The National Landlords Association says a U-turn on the forthcoming cut to buy-to-let tax relief “is not going to happen” despite landlords petitioning the Government.
Landlords say they have been unfairly targeted by the changes, which restrict the tax relief landlords can claim on property finance costs to the basic rate of income tax.
They have started a petition, which has reached nearly 25,000 signatures, in order to force the Government to consider reversing the changes. Over 100,000 signatures are needed before it can be considered for debate in Parliament.
However, the NLA, a body that represents landlords, says a U-turn will “categorically” not happen.
NLA head of policy Chris Norris says: “Landlords are understandably very worried by this and you only have to run the numbers to see that it could potentially drive people out of the business.
“But [petitions] are quite limited. We are certainly not suggesting people don’t sign the petition, and they can be quite good for raising awareness, but in this case we need to be a bit more targeted and more focused to get things changed.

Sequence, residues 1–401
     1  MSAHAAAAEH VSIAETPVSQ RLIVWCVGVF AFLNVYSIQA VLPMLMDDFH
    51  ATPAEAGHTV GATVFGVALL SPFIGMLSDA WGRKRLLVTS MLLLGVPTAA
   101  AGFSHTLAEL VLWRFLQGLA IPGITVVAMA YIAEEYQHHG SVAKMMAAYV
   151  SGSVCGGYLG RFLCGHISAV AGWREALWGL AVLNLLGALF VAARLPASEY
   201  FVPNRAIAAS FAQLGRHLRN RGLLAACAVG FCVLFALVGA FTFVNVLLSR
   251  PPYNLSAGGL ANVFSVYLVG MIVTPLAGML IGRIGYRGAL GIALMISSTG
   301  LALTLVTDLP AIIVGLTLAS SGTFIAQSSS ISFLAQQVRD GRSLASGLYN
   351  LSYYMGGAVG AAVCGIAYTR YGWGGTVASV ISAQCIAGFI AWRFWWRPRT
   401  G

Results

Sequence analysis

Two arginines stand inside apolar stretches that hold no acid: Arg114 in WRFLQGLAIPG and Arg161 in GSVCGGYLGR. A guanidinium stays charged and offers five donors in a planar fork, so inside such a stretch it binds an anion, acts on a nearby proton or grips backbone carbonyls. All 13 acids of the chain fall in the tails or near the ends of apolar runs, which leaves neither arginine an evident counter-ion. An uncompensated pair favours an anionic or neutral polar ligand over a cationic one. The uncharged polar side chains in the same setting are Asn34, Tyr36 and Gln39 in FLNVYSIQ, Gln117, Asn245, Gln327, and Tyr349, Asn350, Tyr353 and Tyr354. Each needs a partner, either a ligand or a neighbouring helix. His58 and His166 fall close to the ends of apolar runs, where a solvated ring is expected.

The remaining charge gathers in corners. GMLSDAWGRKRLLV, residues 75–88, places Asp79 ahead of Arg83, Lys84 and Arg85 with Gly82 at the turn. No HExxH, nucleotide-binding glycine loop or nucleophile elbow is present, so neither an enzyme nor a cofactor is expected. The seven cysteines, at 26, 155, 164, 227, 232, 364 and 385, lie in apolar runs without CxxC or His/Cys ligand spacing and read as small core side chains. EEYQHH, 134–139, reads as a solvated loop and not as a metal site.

“As much as we would love to see a U-turn, we are realistic and we have been told categorically that it is not going to happen.”
But Norris says the NLA is lobbying the Government to introduce business asset roll-over relief so that landlords do not end up paying capital gains tax twice if they decide to restructure their portfolios when the change comes in.
He adds: “Almost any other business can sell underperforming assets and reinvest and defer that CGT until they sell the whole business.
“If a landlord has made a gain on their property – which is quite likely – they will pay CGT on the sale and take whatever they have left, but when they come to sell up they will pay again.”
Another trade body, the Residential Landlords Association, has written to the Chancellor asking him to “pause” the proposals while the impact of the change is investigated.
The RLA argues the change “destroys the established business model which has allowed the sector to grow and play a significant role in housing provision” since the Housing Act in 1988.
It says the change will increase rents, dissuade landlords from investing in purchasing properties and lead to lower standards because of reduced investment in repairs.
The letter adds: “We fear this proposal will send out the message of a longer-term intention to end all tax relief on mortgage interest for private landlords”.